Perhaps as this collection is designed specifically as "a supplementary resource for introductory communication courses that have a new media orientation" the brevity of the pieces is explicable. Taken in this context, Living in the Information Age provides some interesting supporting material for students beginning to grapple with the literature of new media and communication theory. The need for students to be able to reflect on the views of the authors in relation to the theory in the field is one that individuals who assign this text should consider carefully.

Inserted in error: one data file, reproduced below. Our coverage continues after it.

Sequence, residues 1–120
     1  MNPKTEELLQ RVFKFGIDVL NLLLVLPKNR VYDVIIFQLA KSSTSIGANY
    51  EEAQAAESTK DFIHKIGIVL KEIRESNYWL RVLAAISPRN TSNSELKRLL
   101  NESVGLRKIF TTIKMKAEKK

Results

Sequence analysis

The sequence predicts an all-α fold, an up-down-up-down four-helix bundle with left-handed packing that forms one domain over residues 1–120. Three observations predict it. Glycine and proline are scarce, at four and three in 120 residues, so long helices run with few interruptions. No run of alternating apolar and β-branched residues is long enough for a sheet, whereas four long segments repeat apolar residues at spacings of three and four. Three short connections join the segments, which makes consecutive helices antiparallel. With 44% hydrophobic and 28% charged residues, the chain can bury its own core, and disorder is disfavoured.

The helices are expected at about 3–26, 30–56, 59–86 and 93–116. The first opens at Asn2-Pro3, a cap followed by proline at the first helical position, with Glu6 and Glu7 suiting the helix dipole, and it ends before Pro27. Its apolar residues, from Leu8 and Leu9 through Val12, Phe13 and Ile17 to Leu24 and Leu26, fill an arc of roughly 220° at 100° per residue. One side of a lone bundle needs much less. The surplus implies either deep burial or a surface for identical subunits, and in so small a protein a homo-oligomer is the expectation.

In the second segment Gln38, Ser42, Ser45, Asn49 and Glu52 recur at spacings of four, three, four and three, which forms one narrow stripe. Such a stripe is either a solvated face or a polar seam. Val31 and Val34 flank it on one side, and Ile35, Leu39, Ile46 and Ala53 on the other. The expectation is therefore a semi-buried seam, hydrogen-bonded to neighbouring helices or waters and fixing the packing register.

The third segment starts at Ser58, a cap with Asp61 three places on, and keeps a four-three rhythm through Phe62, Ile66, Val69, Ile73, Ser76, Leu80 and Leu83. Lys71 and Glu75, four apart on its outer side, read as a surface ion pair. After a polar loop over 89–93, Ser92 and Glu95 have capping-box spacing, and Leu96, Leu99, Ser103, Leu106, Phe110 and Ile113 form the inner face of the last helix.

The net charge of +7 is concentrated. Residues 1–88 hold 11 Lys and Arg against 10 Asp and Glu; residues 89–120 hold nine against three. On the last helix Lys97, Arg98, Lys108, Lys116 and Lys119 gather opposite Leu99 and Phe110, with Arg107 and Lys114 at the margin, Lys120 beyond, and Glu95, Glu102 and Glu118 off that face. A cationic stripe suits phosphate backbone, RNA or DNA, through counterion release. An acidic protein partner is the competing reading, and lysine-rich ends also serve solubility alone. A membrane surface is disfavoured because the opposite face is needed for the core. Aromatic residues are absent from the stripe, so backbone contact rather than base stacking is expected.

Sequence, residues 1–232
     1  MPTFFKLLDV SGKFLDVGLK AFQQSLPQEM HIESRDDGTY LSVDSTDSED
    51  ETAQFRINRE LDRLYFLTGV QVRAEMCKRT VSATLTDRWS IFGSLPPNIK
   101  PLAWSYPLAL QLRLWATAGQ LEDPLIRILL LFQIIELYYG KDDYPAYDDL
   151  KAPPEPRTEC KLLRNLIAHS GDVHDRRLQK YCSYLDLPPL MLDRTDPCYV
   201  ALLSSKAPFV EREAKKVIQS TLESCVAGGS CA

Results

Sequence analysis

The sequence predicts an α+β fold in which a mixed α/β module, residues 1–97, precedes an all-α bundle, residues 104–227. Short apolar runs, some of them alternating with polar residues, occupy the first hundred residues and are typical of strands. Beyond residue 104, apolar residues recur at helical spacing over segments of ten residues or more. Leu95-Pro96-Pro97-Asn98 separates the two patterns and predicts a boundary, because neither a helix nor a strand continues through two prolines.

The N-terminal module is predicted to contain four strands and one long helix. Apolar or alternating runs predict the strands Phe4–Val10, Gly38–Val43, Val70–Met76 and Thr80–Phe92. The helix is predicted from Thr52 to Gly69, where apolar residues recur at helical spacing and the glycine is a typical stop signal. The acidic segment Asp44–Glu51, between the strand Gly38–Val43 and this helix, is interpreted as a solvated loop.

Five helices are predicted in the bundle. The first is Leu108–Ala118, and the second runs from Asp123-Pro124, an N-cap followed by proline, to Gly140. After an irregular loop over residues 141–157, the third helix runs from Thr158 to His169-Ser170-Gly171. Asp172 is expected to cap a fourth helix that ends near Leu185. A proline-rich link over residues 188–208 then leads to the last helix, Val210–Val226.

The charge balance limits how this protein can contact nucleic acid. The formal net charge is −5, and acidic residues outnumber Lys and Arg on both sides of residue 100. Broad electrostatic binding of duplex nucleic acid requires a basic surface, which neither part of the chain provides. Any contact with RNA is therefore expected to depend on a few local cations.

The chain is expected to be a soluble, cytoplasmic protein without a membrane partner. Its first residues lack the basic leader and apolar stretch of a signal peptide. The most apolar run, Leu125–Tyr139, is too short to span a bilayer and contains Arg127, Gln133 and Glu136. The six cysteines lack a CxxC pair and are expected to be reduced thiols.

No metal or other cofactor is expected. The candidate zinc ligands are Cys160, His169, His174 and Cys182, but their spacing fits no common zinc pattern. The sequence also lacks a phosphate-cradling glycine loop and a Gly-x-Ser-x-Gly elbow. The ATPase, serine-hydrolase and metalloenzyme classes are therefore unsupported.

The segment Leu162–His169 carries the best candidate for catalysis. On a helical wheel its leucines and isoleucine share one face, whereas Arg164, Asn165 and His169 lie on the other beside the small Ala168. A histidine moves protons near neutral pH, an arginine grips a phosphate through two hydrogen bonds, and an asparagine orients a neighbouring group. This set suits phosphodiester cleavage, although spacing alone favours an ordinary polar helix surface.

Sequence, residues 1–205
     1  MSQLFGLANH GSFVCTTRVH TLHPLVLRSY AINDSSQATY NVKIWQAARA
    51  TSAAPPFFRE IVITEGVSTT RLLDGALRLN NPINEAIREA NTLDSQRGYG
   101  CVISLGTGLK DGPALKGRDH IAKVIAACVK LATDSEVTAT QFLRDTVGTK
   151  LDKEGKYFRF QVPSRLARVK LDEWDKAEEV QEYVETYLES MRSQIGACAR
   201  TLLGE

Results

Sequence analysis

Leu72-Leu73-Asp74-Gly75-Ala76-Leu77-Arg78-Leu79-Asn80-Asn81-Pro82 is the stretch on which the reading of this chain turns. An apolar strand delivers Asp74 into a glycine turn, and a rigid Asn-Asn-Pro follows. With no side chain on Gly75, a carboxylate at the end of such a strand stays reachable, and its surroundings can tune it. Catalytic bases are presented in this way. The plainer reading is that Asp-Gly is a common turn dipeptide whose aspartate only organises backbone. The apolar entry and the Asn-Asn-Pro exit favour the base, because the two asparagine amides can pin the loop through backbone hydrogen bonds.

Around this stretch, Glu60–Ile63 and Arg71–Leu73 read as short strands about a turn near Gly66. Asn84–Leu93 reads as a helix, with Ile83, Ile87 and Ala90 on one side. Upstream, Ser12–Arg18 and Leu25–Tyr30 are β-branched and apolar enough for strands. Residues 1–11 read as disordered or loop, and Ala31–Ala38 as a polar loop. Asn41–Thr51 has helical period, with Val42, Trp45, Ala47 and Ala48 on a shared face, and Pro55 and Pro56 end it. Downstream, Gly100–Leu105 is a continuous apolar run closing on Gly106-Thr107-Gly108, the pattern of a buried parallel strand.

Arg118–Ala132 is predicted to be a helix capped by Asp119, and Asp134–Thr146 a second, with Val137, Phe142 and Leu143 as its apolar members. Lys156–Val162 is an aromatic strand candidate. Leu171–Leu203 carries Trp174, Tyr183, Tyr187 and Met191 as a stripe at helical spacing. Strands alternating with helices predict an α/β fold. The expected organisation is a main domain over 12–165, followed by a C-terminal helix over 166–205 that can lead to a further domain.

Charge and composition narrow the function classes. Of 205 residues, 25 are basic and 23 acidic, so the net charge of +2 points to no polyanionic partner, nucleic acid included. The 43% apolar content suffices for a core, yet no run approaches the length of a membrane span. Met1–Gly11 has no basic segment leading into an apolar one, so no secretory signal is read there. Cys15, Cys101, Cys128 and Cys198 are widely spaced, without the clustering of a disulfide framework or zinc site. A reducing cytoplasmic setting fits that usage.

An interesting feature of this book is that a 4-month subscription to Infotrac®, an online library service, is included with the book. Each reading also suggests keywords and subject terms for further research using Infotrac. I found the keywords suggested relevant to the readings and Bucy has taken considerable care that the questions to consider, the reading, the links and suggestions for further research are all coherent and related. Despite this, in my exploration of Infotrac I found that the suggested keywords often give far too many irrelevant references to be of much use other than in developing the skill of managing this particular information database, which has more than 12,000,000 references. Yet, other suggested searches yield only a handful of references. Thomson Learning, the publisher of the book, also owns and manages Infotrac, therefore this service offers the opportunity to raise with students the value of cross-media marketing and promotion in relation to information access and ownership.